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The effort needed to change the Australia defence organisation—whether in pursuit of policy adjustments or in order to find $20b in savings—should not be under-estimated.  Experience from both public and private sectors is that organisations have to make a substantial investment in order to achieve, and obtain the benefits from, change. 

And Defence has particular challenges typically not articulated in organisational assessments or change strategies.

First, there’s the inertia of history and of accepted norms, as well as the usual political, institutional, and bureaucratic resistance to uncertainty, novelty and change.  I speculated earlier about competition of organisational forms.  If nothing else bureaucracies are dogged competitors determined to ensure their ongoing existence.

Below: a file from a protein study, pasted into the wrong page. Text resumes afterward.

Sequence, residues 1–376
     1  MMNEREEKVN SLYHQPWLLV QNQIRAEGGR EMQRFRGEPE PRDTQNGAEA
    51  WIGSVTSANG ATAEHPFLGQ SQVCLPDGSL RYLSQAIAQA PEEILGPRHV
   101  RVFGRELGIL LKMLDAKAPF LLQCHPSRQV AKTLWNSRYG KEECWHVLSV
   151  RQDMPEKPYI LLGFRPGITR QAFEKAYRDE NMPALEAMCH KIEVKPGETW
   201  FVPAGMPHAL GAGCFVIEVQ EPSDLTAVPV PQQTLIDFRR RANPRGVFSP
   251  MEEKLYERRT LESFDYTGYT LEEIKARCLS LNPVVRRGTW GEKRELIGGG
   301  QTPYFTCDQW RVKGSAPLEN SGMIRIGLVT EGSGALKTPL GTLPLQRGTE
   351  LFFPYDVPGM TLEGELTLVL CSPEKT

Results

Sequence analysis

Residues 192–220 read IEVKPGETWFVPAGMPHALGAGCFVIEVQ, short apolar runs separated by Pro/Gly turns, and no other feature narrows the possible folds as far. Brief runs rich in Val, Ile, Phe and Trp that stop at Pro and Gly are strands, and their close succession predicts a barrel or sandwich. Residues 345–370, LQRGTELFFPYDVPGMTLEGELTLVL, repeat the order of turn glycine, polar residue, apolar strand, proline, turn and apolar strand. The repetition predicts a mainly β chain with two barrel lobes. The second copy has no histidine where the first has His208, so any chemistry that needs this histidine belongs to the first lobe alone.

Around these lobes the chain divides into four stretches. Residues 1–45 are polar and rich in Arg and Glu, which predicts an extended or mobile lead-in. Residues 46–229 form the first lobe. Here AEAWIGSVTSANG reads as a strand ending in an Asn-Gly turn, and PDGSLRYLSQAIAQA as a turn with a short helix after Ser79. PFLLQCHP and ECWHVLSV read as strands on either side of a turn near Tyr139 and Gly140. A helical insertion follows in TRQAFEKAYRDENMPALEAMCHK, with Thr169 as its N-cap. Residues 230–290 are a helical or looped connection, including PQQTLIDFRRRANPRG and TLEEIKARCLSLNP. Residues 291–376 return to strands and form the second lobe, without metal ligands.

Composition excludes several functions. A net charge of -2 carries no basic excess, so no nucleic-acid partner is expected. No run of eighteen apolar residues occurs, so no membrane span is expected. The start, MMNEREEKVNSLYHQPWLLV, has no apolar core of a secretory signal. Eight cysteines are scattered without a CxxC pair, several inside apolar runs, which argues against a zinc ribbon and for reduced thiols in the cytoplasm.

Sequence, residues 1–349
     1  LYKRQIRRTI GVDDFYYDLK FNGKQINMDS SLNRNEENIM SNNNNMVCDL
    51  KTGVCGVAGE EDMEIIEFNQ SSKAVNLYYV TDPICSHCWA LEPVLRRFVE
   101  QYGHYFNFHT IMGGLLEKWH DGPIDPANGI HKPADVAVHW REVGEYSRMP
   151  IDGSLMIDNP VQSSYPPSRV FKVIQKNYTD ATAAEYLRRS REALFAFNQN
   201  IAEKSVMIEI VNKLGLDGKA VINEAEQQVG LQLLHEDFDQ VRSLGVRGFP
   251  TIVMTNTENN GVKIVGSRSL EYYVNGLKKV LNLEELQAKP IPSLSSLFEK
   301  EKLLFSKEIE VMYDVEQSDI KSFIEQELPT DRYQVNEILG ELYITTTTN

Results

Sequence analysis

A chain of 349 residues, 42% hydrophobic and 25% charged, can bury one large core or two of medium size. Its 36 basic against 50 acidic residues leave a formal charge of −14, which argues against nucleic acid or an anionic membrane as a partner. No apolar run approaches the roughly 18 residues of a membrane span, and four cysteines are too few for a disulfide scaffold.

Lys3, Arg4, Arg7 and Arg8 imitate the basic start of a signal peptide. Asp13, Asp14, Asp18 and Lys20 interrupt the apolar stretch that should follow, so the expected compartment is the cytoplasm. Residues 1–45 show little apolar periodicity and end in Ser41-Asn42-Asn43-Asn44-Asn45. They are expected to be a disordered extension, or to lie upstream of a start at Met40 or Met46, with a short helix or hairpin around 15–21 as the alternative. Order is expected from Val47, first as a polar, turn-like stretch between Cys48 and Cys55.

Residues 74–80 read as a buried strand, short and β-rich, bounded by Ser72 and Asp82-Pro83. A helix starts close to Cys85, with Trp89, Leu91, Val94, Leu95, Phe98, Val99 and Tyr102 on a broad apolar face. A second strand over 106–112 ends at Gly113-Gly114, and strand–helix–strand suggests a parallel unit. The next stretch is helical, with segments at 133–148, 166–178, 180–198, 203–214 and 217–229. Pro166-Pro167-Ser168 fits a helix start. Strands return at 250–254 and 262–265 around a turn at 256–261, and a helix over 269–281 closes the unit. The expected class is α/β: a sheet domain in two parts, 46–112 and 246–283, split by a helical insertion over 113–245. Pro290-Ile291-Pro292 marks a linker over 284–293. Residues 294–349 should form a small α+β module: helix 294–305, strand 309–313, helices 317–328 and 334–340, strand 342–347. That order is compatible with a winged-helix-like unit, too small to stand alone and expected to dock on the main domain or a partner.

Second, there’s the sunk costs in the form of large, often Cold War-era platforms, plus the manning and skills needed to operate support them.  Force structure and procurement have become prisoners of tradition, impeding innovation, generating a disconnect between old configurations and new systems and so adding to the spiralling costs of capability (Luttwak 2007).   

But that’s not the only dynamic. Over time, systems—whether cars, submarines, or pay systems—experience ‘structural deepening’ (Arthur 1993).  They become increasingly more sophisticated and complex, requiring ever increasing maintenance and specialisation, further entrenching both costs and special interests.

Third, there’s the inexorable pull of business as usual, or BAU.  The constant press of events, the increasingly fragmented nature of work (Mark, Gonzalez et al. 2005), combined with the news cycle and 24-hour media has led to an attention deficit disorder.  Policy-makers and managers find it hard to pay sufficient attention to the slow, the distant and the unlikely—and the sustained focus needed for successful change management.

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